Making decisions about our future is always difficult because the future is always unknown. We can make predictions from past trends and also make plans expressing our hopes, but how many of them actually turn out as expected?
Establishing a solid foundation is always a good first step.
When I was leaving university nearly 50 years ago, an important aspect of any job or career path I considered was whether it had a good pension plan to look after me in old age. Such secure financial provisions are very much a thing of the past, however, reduced pensions are very common and some pension schemes have folded altogether.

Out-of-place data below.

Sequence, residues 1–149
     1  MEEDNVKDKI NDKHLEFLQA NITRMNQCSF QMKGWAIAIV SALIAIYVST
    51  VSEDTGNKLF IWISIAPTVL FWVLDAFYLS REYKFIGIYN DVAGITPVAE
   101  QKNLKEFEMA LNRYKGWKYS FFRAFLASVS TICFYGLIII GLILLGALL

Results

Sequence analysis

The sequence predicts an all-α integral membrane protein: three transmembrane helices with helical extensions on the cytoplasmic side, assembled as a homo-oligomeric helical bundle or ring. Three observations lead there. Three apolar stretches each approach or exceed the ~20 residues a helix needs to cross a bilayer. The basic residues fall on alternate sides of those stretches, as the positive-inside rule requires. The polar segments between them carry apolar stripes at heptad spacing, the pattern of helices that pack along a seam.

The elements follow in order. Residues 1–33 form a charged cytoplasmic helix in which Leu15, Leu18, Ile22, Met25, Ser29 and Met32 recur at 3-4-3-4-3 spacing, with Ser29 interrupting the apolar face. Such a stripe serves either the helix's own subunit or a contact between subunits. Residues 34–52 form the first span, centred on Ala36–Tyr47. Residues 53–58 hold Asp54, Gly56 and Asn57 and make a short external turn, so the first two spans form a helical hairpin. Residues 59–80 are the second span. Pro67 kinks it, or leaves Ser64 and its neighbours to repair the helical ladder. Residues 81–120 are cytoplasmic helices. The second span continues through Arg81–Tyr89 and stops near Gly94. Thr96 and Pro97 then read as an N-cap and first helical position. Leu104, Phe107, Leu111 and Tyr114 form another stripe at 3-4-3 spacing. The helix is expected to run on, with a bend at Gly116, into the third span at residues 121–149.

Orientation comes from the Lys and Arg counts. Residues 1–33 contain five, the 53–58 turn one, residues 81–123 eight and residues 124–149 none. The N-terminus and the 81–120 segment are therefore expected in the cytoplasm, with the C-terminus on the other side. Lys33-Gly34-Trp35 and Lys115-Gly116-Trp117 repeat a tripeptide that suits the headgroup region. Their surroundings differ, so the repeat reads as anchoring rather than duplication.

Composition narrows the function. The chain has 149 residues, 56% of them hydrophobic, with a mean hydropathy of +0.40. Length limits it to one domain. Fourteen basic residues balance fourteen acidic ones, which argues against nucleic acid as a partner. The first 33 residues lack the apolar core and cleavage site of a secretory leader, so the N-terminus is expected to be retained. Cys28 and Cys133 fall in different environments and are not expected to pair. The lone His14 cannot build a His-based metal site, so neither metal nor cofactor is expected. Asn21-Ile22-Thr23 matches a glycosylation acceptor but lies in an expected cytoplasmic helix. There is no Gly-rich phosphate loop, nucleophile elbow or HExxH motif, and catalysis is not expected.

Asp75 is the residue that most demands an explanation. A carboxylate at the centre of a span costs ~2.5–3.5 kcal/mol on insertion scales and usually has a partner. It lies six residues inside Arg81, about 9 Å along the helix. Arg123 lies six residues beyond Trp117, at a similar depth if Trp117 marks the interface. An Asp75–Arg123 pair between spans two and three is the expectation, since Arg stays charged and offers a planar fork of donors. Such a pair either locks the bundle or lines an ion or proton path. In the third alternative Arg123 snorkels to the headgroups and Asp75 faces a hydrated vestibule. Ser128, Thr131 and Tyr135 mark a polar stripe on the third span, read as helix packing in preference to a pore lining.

For believers, security for the future lies in the hope that we have in Jesus, and that hope is not based on our efforts but on the resurrection of Jesus.
That is taking the long view, I admit, and it doesn't absolve us from making our best efforts to provide a better future for each other, but it helps if we can see God at work in the good things we toil for.
As we work towards Synod 2020, enter Lent and approach Brexit, the task is the same: to be open to the work of God's Spirit in our lives. Because if we exclude God from our deliberations and think that the future lies entirely in our own hands, then we are making a big mistake.